Thursday, October 7, 2010

Sustainable Fashion Supply Chain Management Under Competition and Brand Differentiation

In an earlier blogpost, I wrote about our recent work in fashion supply chain management and in sustainable supply chain network design.

I am pleased to announce that one of my doctoral students, Min Yu, and I have completed a study of sustainable fashion supply chain management. In the study, which is documented in our research paper, we developed a modeling framework that captures competition in fashion supply chains in the case of differentiated products with the inclusion of environmental concerns. The model assumes that each fashion firm's product is distinct by brand.

Each fashion firm seeks to maximize its profits and to minimize the emissions that it generates throughout its supply chain as it engages in its activities of manufacturing, storage, and distribution, with a weight associated with the latter criterion. The model allows for alternative modes of transportation from manufacturing sites to distribution centers and from distribution centers to the demand markets, since different modes of transportation are known to emit different amounts of emissions.

The competitive supply chain network model advances the state-of-the-art of fashion supply chain modeling in several ways:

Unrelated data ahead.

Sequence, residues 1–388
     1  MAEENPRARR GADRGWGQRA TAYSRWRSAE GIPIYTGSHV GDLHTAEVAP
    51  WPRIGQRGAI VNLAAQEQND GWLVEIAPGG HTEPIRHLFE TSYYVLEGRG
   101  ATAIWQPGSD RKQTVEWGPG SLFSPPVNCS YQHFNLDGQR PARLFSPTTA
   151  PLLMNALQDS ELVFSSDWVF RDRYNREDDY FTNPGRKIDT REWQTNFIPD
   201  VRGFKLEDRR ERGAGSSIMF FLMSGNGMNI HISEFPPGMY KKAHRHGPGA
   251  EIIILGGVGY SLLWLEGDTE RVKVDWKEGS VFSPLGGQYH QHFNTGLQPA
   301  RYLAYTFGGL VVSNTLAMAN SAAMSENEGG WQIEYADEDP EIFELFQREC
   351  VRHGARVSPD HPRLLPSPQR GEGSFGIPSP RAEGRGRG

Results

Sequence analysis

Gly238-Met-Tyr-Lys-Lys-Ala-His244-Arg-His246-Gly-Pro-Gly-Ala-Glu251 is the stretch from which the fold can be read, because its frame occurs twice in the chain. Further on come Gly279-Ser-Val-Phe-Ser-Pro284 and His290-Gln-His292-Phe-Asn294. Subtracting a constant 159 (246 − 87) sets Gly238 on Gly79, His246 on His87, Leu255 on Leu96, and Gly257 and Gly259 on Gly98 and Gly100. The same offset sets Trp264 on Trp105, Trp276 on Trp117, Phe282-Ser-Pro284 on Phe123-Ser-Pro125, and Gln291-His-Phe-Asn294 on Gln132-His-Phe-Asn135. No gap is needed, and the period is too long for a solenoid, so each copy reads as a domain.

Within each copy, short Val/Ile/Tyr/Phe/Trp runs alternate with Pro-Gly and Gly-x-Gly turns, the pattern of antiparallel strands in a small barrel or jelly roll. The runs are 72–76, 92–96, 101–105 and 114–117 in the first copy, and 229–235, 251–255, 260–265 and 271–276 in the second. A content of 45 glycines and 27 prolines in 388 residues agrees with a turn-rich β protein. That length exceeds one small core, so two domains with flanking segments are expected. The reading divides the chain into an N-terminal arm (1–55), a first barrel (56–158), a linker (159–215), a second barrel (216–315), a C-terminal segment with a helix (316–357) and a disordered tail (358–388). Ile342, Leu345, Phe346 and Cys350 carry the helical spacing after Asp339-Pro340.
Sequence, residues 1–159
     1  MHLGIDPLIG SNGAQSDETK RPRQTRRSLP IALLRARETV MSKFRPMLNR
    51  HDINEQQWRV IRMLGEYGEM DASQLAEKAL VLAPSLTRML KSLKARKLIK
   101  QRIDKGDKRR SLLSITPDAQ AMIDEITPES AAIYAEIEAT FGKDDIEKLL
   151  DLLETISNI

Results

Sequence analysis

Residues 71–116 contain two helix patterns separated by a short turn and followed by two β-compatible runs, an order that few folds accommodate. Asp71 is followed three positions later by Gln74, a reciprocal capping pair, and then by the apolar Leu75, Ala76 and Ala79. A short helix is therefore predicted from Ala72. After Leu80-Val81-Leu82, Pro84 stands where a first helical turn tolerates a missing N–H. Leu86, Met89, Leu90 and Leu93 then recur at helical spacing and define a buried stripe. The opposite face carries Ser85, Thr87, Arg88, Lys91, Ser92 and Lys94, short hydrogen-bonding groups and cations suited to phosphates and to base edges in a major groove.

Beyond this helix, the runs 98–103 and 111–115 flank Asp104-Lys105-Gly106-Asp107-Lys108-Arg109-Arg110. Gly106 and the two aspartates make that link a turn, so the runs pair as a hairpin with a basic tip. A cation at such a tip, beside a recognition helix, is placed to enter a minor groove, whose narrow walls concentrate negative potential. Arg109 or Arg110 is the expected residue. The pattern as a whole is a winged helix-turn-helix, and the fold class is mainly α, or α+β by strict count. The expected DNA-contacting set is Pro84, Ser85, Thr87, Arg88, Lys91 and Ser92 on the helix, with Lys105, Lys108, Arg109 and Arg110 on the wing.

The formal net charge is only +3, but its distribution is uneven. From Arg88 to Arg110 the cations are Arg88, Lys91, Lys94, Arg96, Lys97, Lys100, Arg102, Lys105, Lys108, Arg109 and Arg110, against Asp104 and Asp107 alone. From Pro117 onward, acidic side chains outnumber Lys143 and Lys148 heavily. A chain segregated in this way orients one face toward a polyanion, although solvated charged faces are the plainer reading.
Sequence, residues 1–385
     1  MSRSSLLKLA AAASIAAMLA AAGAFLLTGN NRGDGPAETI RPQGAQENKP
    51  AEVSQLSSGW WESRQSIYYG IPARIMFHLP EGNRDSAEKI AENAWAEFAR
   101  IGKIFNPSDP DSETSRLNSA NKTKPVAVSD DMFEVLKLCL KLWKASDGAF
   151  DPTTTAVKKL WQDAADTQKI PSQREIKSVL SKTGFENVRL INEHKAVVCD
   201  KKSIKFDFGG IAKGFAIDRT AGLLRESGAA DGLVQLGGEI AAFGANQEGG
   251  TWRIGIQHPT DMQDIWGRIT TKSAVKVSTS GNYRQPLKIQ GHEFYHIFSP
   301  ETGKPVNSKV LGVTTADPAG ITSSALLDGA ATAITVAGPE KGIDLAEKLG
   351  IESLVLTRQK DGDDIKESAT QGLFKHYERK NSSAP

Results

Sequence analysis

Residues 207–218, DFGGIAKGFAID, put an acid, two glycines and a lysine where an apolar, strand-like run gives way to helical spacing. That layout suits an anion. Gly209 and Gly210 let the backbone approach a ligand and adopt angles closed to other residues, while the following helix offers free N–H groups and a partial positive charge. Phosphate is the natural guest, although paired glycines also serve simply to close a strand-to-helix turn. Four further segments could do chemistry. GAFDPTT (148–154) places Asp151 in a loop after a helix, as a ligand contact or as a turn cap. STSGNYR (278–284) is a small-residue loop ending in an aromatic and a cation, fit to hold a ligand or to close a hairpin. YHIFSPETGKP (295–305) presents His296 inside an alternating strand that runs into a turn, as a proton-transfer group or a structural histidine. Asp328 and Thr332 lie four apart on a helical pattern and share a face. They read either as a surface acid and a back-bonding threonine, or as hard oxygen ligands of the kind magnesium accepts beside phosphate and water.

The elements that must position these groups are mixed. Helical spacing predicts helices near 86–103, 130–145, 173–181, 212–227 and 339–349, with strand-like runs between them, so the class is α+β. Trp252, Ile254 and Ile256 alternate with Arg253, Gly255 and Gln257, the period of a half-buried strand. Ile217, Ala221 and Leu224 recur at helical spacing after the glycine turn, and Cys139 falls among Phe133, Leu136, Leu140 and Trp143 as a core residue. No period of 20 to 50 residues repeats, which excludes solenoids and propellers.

1. it captures competition through brand differentiation, which is an important feature of the fashion industry;

2. it allows for each firm to individually weight its concern for the environment in its decision-making, and

3. through a general network framework, alternatives such as multiple modes of transportation can be investigated.

In our paper, we also presented a case study, in which, through a series of numerical examples, we demonstrated the effects of changes on the demand price functions; the total cost and total emission functions, as well as the weights associated with the environmental criterion on the equilibrium product demands, the product prices, profits, and utilities. We noted that the environmental weights could also be interpreted as taxes and, thus, in exploring different values an authority such as the government could assess a priori the effects on the firms' emissions and profits.

The case study also demonstrated that consumers can have a major impact, through their environmental consciousness, on the level of profits of firms in their favoring of firms that adopt environmental pollution-abatement technologies for their supply chain activities.